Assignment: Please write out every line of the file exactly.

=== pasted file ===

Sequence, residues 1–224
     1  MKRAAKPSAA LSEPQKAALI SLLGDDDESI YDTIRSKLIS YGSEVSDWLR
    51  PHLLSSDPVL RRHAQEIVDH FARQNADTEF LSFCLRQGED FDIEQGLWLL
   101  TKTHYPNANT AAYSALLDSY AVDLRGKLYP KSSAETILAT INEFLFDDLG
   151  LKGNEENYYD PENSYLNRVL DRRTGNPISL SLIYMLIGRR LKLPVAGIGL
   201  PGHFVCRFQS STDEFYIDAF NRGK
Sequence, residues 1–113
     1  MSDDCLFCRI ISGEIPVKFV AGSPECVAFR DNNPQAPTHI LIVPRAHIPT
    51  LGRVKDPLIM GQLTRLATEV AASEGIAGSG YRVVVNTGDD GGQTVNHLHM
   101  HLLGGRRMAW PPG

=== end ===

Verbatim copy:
Sequence, residues 1–224
     1  MKRAAKPSAA LSEPQKAALI SLLGDDDESI YDTIRSKLIS YGSEVSDWLR
    51  PHLLSSDPVL RRHAQEIVDH FARQNADTEF LSFCLRQGED FDIEQGLWLL
   101  TKTHYPNANT AAYSALLDSY AVDLRGKLYP KSSAETILAT INEFLFDDLG
   151  LKGNEENYYD PENSYLNRVL DRRTGNPISL SLIYMLIGRR LKLPVAGIGL
   201  PGHFVCRFQS STDEFYIDAF NRGK
Sequence, residues 1–113
     1  MSDDCLFCRI ISGEIPVKFV AGSPECVAFR DNNPQAPTHI LIVPRAHIPT
    51  LGRVKDPLIM GQLTRLATEV AASEGIAGSG YRVVVNTGDD GGQTVNHLHM
   101  HLLGGRRMAW PPG